Set within this valley is also Dan Yr Ogof Showcave Centre where you can venture underground to see caves for yourself, the HQ of the South Wales Caving Club at Penwyllt, and the Cribarth Hill, known as the Sleeping Giant, which looks remarkably like one from Ystradgynlais.
Cribarth and Penwyllt
Guarding the entrance to a picturesque and mysterious valley, called Penwyllt, full of caves, quarries, ancient monuments, cosy pubs and stunning scenery lies the Sleeping Giant. This hill, overlooking the village of Abercraf, called Cribarth looks like a huge sleeping giant. Legends have it that the giant will awaken to help his people in a time of need.
According to Nigel Phillips on the Brecon Beacons park society website:
“Cribarth must be one of the most intensively quarried mountains in Wales, but this actually adds to its appeal. The hey-day for this activity was between the opening of the Swansea Canal in 1794 and the 1890s. Limestone, silica rock and rottenstone were extracted in huge quantities for the iron, copper and tin industries further south around the Swansea Valley.
There were thirty-three large quarries and innumerable smaller ones, served by 10.5 miles of tramroads and railways and by eighteen inclined planes, four of which ran steeply down to the canal at Abercrave.”
This has created a beautiful and rugged landscape full of mystery due to the presence of two cairns and Craig y Nos Castle, a hotel and Craig y Nos Country Park, which contains 40 acres of Scenic Park Land.
Easy Mountain Walk
Drive from Craig Y Nos drive back towards Ystradgynlais and take the first turn left, left again and follow the road all the way up the hill past a quarry and into a large car park. You will see a disused railway station, partly funded by Dame Adelina Patty in 1861, from there she would take her own railway carriage attached to any train, so she could travel in style to and from her castle at Craig Y Nos.
Part of the UNESCO Fforest Fawr Geopark, Penwyllt is home to The South Wales Caving Club, based in a row of terraced miner’s cottages and of course, hidden beneath your feet is the massive Ogof Ffynnon Ddu Cave System, one of the longest in Britain with over 40km of Passages.
This landscape was folded into an arch or anticline and many different layers have been exposed this folding happened three hundred million years ago due to lateral pressure and is part of a longer fault line called the Swansea Valley Disturbance.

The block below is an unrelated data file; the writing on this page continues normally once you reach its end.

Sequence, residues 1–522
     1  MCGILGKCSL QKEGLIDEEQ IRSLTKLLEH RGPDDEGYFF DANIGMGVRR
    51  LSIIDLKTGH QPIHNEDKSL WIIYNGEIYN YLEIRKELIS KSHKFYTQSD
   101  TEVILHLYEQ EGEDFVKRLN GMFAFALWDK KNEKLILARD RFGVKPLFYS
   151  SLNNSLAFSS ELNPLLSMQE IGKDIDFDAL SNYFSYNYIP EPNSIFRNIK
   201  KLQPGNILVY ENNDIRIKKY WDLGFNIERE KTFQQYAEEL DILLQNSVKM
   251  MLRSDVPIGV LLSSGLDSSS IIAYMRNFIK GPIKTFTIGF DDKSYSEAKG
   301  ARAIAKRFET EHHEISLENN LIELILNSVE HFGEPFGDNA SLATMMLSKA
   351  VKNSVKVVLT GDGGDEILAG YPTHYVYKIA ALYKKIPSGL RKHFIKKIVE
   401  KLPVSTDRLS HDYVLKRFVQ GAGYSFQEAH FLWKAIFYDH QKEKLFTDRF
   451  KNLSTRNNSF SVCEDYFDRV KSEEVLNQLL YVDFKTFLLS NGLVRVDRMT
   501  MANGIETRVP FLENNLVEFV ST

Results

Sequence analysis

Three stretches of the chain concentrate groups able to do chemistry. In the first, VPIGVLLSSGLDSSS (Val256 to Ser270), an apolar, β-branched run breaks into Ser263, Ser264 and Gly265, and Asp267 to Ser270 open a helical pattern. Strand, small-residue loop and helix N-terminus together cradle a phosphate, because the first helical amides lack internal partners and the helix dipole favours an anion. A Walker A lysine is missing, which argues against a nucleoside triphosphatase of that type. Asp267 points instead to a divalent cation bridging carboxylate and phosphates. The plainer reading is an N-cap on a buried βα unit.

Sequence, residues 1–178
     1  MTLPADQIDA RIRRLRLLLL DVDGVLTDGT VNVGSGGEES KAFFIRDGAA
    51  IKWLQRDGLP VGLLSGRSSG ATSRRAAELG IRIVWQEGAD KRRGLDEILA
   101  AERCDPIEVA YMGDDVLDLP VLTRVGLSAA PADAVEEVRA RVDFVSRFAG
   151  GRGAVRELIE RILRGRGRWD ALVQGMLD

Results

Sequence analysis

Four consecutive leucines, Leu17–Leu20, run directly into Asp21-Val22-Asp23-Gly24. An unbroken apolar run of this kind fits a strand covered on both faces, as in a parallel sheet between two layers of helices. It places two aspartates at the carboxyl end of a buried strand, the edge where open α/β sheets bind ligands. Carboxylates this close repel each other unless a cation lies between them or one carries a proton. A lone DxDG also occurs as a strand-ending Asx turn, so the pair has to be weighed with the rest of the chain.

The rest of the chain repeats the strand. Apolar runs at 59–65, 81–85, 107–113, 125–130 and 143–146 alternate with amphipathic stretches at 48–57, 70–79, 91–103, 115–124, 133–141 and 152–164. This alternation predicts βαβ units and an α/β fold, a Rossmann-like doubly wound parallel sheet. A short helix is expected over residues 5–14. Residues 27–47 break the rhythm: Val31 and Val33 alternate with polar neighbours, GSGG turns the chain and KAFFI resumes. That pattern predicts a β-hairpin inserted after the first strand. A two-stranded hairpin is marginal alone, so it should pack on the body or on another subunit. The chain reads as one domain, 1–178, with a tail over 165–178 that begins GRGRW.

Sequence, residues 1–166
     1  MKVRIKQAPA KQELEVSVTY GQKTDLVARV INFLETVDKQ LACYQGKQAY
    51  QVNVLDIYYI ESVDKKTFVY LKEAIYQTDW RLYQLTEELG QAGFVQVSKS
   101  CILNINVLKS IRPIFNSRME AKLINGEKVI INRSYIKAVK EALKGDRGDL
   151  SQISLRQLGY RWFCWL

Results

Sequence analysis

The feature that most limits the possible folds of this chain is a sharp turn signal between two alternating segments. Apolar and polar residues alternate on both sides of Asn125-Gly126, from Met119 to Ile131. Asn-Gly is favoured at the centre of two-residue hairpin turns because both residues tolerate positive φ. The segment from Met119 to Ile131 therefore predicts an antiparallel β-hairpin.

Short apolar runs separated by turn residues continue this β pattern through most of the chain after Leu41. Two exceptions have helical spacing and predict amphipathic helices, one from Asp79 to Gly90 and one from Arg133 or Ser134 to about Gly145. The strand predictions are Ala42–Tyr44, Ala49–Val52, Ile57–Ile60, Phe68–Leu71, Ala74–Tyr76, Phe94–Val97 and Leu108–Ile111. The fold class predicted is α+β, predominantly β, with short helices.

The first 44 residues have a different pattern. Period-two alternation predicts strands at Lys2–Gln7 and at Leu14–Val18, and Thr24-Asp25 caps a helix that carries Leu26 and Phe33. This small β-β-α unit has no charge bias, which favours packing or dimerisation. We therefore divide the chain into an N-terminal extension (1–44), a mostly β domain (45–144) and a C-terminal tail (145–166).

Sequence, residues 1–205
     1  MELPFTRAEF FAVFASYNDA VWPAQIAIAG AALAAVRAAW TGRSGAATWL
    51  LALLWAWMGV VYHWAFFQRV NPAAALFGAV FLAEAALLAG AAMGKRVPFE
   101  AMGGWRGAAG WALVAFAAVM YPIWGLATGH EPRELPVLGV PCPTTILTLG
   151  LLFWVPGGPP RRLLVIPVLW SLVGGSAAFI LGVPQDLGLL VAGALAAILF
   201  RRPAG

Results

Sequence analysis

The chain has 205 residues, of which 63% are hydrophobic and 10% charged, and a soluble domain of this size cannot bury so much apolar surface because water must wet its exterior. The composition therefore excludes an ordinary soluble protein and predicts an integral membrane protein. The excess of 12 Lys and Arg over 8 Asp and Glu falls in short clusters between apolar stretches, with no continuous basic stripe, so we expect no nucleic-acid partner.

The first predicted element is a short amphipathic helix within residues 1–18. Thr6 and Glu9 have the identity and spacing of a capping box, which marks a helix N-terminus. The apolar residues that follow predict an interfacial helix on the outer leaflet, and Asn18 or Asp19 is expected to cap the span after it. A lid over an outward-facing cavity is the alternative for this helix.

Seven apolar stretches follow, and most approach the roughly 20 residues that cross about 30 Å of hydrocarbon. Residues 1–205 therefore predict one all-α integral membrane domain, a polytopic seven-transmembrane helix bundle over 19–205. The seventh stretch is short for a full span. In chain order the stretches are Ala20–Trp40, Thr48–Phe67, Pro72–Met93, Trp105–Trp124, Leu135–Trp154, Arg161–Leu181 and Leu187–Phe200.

Glaciers carved through the valley, more recently a mere 18,000 years ago, removing some of the top layers. Man has then added to the scarring, this area being intensively and repeatedly mined over the years. it makes for a very interesting landscape.
You can walk some of the way along the Old Brecon to Swansea Railway Line, back towards Ystradgynlais before the line becomes overgrown, and the views down the Swansea Valley will be stunning.
Always let us know if planning to adventure as the weather can turn extremely quickly. There are several pubs in the area providing excellent food and drink.
Waterfall Country, Waterfall walks and Waterfall Centre
Within a 15-minute drive from the apartment are several places you can park to explore waterfall country. Ystradfellte (Park: CF44 9J) or Pontneddfechan, where there are some delightful pubs and easy parking. It is the geology of the area with its mix of limestone, sandstone and millstone grits and earlier glacial erosion, which cause such spectacular waterfalls. Dinas Rock (Park: SA11 5NU) is also a good starting place for several walking routes of differing length and difficulty, including one short one.
There are also harder routes where you can spend all day taking in many of the Falls. see leaflet Penderyn and Hirwaun walking trail. There is a large car park with picnic benches. The village has several pubs and a tearoom that is open at weekends. There is a children’s play area that is always open behind it.
While in the area, why not visit the Penderyn Distillery CF44 0SX which is 22 Minutes from the apartment and close to the Waterfalls.
Sgwd Henrhyd or Henrhyd Falls
Henrhyd Waterfall is South Wales’s tallest waterfall with a 90ft drop. It is situated near Coelbren on the river Nant Llech. A spectacular and mysterious sight. For the sure-footed, it is possible to walk behind the falls although not recommended.
Fossil trees were found here by Sir William Edmond Logan, one of which still stands outside Swansea Museum. He later became the head of the Geological Survey of Canada. The waterfall was also the entrance to the bat cave in the film Batman – The Dark Knight Rises.
It is a steep walk that can sometimes be slippery, wear waterproofs if planning to get close on wet days, but wet days are the best to appreciate this spectacle.